Who Is Affected by Atopic Dermatitis
- Of children with atopic dermatitis, approximately 50% first develop symptoms in their first year of life and 30% between ages 1 and 5.1
- Although older studies have shown that most children outgrow the condition, more recent studies report that many people continue to have relapses or to have the condition, although not as severely, as teenagers and adults.2
People with a history of atopic dermatitis often have other allergic conditions. For example:
- Many children with atopic dermatitis develop allergic rhinitis or asthma later in childhood.
- Some children with moderate to severe atopic dermatitis also have some type of food allergy.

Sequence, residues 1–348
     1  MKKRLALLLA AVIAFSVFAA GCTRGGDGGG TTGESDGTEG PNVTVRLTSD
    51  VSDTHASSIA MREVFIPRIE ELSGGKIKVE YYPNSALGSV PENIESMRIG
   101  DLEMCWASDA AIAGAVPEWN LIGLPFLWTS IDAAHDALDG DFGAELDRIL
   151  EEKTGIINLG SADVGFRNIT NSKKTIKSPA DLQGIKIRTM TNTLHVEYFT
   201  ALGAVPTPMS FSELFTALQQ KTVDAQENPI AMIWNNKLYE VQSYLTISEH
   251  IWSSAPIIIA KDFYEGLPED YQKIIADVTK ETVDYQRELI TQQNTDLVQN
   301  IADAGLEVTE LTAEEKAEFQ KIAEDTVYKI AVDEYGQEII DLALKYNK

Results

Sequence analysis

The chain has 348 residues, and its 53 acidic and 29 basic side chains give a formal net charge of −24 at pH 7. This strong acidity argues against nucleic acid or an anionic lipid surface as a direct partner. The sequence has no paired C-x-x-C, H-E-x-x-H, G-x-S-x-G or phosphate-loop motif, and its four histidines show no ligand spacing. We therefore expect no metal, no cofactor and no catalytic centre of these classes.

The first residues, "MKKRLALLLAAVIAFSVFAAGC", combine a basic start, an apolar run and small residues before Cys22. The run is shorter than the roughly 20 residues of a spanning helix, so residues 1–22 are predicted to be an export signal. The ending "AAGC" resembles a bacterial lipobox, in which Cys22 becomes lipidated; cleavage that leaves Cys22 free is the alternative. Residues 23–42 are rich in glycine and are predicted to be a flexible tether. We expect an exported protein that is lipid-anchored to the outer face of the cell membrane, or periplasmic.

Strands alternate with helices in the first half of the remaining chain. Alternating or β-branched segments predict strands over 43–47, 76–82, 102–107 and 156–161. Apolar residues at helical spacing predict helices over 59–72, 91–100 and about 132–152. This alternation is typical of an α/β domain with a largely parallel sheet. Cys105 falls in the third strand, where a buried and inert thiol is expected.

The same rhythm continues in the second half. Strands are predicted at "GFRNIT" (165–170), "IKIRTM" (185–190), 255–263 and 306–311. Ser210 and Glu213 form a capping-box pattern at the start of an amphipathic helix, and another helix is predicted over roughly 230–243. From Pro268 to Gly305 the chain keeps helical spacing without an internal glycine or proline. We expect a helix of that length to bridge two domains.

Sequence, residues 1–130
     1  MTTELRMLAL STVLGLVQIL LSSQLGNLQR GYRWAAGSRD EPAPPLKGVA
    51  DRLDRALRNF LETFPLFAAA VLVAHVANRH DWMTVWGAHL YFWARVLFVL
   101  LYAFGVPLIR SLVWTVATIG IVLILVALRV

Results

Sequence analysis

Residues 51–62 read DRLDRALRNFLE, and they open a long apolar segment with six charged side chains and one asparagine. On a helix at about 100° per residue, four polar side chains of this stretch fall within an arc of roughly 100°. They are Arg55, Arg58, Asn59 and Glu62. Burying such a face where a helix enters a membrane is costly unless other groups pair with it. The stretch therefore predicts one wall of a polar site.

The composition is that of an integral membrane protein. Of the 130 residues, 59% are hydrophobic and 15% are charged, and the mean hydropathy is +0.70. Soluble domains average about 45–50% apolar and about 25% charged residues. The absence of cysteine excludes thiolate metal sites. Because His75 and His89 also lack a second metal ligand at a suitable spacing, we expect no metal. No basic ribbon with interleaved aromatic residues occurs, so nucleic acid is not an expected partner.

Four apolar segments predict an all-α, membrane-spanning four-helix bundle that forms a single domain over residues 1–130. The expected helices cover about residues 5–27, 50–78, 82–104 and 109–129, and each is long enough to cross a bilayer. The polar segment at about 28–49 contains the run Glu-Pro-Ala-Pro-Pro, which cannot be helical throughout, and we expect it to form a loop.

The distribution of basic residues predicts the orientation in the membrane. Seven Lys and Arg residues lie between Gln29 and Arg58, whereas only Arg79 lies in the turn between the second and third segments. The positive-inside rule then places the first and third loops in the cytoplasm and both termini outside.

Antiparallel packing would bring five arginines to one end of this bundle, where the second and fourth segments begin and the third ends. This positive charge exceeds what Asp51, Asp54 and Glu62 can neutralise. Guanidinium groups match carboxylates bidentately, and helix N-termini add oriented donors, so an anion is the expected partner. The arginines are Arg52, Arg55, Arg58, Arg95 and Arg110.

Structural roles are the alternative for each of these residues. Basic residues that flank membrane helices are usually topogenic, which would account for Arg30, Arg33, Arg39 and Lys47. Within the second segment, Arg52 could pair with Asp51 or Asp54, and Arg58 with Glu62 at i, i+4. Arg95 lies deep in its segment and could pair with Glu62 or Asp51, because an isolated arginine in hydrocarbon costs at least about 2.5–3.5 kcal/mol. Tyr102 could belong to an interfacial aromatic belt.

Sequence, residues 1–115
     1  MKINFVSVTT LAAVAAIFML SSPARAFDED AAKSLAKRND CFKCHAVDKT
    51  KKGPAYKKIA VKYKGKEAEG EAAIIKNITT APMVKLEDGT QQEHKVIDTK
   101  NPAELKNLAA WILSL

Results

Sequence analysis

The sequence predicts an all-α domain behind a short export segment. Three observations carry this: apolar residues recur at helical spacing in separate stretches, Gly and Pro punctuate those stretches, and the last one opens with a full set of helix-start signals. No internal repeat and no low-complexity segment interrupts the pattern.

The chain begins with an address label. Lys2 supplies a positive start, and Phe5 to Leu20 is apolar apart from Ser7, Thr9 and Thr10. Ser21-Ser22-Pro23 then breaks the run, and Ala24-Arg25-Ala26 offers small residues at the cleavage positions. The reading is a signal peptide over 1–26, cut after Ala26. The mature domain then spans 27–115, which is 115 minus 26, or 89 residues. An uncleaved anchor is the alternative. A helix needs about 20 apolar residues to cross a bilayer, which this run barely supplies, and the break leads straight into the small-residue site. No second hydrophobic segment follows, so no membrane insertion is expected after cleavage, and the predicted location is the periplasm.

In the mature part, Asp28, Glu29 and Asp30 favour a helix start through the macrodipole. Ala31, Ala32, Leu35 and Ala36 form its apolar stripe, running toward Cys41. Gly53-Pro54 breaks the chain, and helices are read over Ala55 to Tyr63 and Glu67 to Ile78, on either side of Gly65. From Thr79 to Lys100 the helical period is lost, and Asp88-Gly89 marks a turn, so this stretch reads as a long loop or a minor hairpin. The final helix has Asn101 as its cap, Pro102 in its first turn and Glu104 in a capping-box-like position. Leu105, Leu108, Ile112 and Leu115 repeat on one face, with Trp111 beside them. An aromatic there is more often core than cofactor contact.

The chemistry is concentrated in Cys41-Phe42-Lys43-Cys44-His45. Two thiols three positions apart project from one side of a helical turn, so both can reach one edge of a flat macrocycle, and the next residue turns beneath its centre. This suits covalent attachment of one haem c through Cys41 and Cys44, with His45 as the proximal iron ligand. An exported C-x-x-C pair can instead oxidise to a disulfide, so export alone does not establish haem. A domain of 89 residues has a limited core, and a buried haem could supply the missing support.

Atopic dermatitis affects people of all races.
The prevalence of atopic dermatitis has been increasing over the last few decades, possibly due to environmental and lifestyle changes.1
- Leung DYM, et al. (2008). Atopic dermatitis (atopic eczema). In K Wolff et al., eds., Fitzpatrick's Dermatology in General Medicine, 7th ed., vol. 1, pp. 146–158. New York: McGraw-Hill.
- Boguniewicz M, Leung DYM (2009). Atopic dermatitis. In N Franklin Addison Jr et al., eds., Middleton's Allergy Principles and Practice, 7th ed., vol. 2, pp. 1083–1103. Philadelphia: Mosby Elsevier.
Current as of: March 12, 2014
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